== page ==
Consistent movement throughout the workday is one of the best and easiest ways to promote physical and mental health. The movement doesn’t have to be strenuous for it to be beneficial. A gentle walk or climbing a flight of stairs can help boost circulation which nourishes the cells in the body and the brain, enabling them to perform better. It also repairs muscles, protects joints, and eases aches and pains.

While efforts such as lunchtime yoga and walking meetings are to be applauded, regular, consistent movement for the sole purpose of reaping the benefits of that movement needs to be the ultimate goal. This doesn’t mean that everyone must move at the same time; enforced calisthenics or learning the Shuffle Dance aren’t necessary. Rather, employers should encourage consistent movement by communicating to employees that it’s ok to move whenever they can and by modelling the behavior.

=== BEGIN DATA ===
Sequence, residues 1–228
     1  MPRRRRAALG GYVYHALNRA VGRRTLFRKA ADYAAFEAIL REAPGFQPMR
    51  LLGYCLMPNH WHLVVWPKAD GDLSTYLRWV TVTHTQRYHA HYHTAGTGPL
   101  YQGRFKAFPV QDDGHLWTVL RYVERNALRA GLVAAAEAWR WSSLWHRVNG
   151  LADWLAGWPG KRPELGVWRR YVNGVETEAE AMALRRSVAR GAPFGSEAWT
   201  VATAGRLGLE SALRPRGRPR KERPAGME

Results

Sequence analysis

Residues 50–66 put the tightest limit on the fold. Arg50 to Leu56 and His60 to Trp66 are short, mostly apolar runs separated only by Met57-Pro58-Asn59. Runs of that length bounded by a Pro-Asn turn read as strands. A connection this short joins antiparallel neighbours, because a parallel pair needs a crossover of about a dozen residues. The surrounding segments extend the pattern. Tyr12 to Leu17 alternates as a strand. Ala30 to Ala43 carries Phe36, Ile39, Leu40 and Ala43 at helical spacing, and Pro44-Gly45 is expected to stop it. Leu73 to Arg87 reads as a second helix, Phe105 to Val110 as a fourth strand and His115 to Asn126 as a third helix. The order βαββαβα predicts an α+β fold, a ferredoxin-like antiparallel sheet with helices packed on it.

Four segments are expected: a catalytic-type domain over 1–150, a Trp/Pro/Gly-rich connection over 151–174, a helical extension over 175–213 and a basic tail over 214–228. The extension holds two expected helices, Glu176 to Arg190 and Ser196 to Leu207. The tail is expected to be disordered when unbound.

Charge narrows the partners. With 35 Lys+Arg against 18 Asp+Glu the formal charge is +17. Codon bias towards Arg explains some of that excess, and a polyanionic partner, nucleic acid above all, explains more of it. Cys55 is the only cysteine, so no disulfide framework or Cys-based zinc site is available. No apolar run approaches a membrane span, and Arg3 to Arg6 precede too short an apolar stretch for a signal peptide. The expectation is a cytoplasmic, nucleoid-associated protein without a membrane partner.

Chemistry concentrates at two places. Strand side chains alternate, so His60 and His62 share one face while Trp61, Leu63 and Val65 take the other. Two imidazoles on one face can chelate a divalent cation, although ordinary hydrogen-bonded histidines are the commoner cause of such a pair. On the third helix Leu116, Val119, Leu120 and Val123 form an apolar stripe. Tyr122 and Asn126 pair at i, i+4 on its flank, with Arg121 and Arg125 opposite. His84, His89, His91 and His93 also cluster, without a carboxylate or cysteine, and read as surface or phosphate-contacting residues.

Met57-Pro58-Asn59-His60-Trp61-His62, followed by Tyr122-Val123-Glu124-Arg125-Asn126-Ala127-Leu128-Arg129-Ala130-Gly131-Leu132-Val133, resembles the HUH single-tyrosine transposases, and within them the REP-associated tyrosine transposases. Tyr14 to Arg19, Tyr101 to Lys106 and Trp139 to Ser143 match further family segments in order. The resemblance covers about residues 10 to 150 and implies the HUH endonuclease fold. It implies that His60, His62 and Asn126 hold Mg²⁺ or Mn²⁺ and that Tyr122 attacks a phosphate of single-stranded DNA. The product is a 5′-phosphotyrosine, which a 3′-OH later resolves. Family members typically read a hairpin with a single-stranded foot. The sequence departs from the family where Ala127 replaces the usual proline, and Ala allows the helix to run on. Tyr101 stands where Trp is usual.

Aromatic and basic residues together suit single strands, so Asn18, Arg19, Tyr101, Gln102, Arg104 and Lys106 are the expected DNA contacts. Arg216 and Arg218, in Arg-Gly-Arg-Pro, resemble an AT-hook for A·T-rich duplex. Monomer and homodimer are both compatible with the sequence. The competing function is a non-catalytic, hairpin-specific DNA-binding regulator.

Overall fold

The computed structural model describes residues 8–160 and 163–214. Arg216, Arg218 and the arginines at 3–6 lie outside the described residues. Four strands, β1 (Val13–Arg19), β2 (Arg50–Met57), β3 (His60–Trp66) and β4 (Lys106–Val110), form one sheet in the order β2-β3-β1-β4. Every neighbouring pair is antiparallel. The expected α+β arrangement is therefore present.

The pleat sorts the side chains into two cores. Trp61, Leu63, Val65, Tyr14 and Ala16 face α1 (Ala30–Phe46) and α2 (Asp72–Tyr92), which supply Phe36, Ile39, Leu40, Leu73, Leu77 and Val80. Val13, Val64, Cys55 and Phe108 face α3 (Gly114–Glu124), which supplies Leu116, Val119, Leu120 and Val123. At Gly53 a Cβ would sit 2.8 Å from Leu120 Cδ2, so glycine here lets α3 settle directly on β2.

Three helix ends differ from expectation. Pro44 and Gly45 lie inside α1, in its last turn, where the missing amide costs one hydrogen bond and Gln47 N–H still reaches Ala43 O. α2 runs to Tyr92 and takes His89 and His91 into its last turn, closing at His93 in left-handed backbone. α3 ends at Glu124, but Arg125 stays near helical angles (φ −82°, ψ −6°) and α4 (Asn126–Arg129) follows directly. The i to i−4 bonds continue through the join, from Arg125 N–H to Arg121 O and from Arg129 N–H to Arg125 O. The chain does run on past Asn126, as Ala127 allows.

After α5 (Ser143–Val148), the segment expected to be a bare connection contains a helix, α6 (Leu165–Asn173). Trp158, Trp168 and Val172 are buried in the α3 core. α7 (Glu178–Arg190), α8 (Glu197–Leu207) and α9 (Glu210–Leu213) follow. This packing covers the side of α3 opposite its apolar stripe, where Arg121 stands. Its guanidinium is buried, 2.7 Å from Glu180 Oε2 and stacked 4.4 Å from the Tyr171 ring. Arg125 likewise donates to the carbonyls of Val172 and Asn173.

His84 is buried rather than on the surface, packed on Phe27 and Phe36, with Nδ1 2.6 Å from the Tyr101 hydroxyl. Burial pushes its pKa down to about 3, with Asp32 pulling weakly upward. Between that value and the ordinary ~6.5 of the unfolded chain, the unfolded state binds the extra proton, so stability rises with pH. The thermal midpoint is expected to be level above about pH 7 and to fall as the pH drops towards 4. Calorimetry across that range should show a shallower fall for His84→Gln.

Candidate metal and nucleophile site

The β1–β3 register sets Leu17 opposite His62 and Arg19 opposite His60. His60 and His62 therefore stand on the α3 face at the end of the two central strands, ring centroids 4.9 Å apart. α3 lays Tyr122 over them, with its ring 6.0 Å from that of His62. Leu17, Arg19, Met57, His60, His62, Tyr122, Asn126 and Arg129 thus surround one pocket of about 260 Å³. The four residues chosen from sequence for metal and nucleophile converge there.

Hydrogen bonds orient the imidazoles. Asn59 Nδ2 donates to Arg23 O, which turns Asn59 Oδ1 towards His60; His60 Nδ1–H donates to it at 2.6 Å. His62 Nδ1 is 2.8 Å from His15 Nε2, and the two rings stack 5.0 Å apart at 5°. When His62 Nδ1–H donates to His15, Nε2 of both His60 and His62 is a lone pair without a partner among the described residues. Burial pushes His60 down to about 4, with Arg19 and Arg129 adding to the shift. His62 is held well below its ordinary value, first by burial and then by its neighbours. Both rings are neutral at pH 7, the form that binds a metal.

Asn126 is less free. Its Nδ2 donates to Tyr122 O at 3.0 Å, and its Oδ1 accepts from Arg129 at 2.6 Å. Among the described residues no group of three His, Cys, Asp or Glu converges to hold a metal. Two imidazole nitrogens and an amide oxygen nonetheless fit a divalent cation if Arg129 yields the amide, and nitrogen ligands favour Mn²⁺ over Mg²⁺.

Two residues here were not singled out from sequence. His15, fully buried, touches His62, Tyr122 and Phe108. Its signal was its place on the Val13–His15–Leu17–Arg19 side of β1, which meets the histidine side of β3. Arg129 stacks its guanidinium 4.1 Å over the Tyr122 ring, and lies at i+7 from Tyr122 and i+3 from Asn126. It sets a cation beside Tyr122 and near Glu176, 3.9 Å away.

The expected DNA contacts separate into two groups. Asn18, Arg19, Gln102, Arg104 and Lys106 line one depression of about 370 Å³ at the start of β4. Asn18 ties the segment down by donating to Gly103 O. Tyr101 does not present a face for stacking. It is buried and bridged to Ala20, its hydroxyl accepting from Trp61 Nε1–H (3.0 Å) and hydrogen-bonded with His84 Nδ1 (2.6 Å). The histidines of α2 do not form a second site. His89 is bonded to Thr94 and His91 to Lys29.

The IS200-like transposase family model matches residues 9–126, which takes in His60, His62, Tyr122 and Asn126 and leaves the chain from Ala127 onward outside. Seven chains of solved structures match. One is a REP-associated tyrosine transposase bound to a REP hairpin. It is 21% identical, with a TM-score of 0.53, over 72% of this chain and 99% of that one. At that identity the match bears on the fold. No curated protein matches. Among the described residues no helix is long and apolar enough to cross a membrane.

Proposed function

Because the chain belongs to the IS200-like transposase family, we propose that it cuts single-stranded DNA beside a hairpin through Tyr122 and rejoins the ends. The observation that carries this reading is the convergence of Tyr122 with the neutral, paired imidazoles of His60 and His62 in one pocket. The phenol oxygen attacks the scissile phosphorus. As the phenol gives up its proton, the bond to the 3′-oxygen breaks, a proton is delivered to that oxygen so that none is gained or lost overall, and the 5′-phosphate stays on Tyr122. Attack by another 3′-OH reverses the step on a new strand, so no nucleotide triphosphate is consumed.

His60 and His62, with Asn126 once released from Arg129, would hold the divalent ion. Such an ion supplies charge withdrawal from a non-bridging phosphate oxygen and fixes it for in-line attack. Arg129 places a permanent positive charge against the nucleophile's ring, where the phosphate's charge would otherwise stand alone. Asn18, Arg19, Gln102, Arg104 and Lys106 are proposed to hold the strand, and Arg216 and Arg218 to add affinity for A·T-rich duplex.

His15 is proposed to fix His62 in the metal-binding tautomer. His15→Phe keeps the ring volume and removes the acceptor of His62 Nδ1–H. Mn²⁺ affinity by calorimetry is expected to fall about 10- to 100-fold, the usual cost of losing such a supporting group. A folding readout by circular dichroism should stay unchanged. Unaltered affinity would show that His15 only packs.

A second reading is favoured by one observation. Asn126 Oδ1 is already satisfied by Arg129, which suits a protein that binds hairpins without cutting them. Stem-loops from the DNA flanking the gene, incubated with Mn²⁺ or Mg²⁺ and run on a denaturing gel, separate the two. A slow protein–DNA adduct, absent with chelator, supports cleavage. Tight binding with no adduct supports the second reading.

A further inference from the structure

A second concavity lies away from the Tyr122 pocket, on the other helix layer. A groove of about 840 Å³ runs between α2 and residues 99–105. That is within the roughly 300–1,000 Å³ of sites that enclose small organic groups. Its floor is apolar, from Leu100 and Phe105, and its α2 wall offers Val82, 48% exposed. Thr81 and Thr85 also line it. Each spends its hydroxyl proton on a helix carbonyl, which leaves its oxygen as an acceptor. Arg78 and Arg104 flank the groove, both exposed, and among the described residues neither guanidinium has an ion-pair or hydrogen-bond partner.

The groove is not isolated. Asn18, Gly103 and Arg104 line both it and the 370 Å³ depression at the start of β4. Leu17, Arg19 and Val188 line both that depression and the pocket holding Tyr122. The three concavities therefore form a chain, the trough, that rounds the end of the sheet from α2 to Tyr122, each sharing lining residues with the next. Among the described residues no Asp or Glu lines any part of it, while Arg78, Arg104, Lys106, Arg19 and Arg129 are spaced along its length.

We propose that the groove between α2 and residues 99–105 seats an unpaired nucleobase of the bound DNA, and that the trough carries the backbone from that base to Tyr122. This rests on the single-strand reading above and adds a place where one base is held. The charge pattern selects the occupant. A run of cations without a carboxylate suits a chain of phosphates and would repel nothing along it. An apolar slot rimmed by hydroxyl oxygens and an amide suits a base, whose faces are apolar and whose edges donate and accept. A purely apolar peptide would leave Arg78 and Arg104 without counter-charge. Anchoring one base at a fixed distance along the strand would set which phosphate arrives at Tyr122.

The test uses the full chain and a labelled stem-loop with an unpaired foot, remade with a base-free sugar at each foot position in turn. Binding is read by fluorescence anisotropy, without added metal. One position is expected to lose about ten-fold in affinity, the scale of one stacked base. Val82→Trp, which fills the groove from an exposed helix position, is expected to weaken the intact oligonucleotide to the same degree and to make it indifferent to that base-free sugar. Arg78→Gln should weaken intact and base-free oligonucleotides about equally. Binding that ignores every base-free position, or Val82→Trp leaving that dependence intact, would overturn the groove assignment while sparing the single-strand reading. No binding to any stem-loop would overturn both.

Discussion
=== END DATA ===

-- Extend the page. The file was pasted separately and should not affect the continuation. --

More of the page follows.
Every organization must experiment to find what will work best in their work environment. One example is healthcare IT company Raisoft. To get its employees moving regularly, they developed a software called Smart Break that shows easy-to-follow movement videos at regular intervals throughout the workday. Employees take a few minutes to follow along with the videos, either on their own or with their team. It’s helping them stay motivated and, by moving together, it removes the embarrassment people can feel moving on their own.

The ideal worker for the 21st century

“An ideal worker in the 21st century is someone who does great work, is well-rested and healthy, and has a great life outside of work — not someone who’s trapped in the busy tunnel, chasing their tail, thinking small and on the road to burn out,” says ideas42, a nonprofit that uses behavioral science to solve real world problems.

Preventing pain and injury from mobile working, valuing downtime, and normalizing regular movement throughout the workday are three effective ways to make health a consistent part of the workday. Rather than waiting until that elusive ‘non-work time’ to take care of your health, these three practices will help you nurture it all day long, even while you’re working.